A Griddle Guide

To Griddle-Dry Chiles: Unless otherwise directed in a recipe, remove and discard the tops and seeds of the chiles. I leave in the veins (the hottest part), but you can cut them away if you want to tone down the heat. Rinse the chiles under cold running water and shake off the excess moisture, but do not dry them.

Heat a griddle or cast-iron skillet over medium-high heat until a drop of water sizzles on contact. Place the chiles on the griddle a few at a time and let them heat, turning occasionally with tongs, just until any clinging moisture is evaporated and the aroma is released. Allow 30 to 45 seconds in all for most chiles (slightly less for guajillos, which are very thin-skinned).

The chiles should just become dry, hot and fragrant; do not allow them to start really roasting or they will have a terrible scorched flavor. Remove from the griddle as they are done. Most recipes will call for placing them in a deep bowl, covering generously with boiling water and letting stand for about 15 to 20 minutes, then draining well.


To Griddle-Roast Onions and Garlic: Heat a heavy ungreased griddle or cast-iron skillet over medium-low heat until a drop of water sizzles on contact. Place the unpeeled onion and individual unpeeled garlic cloves on the griddle. Cook, turning frequently, until somewhat softened, 15 to 20 minutes for small onions, 20 to 25 minutes for medium-size onions and 8 minutes for garlic cloves. I usually cut large onions in half crosswise (leaving the skin on) and roast, turning frequently, for about 20 minutes. The cut side will char, but the black bits are easily scraped off. Remove the onions or garlic cloves from the griddle; when cool enough to handle, peel them over a bowl to catch the juices.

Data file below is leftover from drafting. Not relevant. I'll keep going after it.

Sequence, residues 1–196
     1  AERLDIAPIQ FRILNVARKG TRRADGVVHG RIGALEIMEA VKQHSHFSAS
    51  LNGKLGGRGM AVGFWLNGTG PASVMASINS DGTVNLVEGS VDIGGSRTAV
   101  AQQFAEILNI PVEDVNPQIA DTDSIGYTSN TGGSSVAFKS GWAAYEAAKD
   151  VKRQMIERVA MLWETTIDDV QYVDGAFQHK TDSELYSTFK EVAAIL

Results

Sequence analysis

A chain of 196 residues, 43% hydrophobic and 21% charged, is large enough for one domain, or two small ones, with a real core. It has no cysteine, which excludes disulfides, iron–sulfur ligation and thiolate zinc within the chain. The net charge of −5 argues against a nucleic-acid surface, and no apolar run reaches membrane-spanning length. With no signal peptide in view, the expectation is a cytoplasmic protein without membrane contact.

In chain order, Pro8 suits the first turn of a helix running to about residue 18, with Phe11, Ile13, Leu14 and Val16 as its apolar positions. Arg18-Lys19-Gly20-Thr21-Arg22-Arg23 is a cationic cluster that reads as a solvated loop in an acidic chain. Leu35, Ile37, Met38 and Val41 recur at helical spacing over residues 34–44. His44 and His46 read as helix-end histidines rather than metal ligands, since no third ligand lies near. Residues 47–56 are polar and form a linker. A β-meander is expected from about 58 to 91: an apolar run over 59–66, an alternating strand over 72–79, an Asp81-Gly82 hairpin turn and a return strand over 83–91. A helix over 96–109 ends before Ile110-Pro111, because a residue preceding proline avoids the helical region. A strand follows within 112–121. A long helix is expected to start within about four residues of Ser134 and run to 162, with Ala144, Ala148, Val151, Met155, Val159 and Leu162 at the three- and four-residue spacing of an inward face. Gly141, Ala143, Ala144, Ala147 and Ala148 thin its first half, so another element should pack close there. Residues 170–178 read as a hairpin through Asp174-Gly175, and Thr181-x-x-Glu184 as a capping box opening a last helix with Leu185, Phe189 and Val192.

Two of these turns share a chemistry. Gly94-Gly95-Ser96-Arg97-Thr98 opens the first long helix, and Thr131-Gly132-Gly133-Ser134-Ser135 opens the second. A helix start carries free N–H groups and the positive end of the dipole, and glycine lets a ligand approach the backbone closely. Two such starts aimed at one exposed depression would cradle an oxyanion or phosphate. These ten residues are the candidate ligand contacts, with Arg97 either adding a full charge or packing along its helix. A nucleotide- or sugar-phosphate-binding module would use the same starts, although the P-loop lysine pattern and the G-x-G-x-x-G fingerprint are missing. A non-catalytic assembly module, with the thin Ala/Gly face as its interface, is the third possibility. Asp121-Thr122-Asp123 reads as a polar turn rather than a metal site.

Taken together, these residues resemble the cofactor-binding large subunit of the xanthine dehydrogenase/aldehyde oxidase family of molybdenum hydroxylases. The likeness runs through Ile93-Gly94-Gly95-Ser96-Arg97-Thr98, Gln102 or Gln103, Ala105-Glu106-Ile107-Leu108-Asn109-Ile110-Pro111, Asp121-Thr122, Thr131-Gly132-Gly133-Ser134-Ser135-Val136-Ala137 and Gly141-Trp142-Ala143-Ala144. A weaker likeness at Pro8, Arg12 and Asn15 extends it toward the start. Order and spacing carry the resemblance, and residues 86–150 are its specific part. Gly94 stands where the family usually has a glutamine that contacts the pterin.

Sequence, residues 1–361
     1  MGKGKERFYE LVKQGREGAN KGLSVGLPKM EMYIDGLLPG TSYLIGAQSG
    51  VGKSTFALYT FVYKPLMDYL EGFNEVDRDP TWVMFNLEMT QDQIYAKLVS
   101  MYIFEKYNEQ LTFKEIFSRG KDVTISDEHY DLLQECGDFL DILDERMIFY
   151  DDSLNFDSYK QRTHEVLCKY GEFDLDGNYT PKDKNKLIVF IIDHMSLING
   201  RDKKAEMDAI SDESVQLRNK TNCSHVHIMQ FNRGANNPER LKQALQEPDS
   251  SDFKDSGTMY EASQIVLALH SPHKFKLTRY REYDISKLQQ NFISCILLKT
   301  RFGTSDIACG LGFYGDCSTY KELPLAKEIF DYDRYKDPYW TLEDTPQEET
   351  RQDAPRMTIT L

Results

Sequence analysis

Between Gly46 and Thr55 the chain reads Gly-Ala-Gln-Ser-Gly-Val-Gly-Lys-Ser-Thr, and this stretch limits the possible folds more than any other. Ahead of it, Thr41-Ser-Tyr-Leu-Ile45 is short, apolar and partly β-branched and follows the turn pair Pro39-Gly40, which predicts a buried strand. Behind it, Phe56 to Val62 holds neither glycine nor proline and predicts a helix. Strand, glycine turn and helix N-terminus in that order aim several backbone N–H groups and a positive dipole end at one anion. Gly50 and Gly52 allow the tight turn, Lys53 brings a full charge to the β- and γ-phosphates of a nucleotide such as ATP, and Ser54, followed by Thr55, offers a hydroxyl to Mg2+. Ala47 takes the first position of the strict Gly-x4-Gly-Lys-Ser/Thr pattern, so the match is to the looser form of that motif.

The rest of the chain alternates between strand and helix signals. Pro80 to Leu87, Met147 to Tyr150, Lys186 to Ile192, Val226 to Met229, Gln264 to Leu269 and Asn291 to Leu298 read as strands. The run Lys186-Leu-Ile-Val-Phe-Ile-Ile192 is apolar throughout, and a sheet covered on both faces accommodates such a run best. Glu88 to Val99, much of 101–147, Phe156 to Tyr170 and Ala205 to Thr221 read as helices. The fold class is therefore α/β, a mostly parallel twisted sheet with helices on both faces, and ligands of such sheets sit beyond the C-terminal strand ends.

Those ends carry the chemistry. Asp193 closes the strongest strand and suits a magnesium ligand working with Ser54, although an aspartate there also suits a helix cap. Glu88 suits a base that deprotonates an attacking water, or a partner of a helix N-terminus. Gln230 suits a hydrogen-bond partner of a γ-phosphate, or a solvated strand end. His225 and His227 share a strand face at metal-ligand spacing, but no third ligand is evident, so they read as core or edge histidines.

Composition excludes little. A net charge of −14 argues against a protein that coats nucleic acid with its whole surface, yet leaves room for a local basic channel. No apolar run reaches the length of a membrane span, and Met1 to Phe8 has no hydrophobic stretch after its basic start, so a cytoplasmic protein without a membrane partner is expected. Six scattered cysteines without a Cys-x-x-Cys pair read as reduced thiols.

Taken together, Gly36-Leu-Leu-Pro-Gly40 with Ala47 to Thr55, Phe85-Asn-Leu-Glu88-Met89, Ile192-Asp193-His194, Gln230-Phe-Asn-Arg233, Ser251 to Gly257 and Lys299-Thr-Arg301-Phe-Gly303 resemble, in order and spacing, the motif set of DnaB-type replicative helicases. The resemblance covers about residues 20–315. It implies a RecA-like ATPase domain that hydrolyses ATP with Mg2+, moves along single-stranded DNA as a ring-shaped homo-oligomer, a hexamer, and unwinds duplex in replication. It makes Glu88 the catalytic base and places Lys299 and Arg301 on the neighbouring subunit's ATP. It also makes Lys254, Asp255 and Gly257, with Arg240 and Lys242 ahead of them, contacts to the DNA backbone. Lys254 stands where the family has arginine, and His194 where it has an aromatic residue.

To Griddle-Roast Tomatoes: Heat the griddle or skillet over medium heat until a drop of water sizzles on contact. Place the tomatoes on the griddle stem side down. (Started this way, they lose less juice.)

Cook, turning frequently, until the skin is blackened and blistered all over, 10 to 15 minutes for small to medium tomatoes and 15 to 20 minutes for larger ones. Remove from the griddle to a bowl that will hold the juices. When they are cool enough to handle, peel off the charred skin. If some tiny blackened bits remain, they will just add to the flavor. Be sure to save all the delicious juices and add them to the dish.

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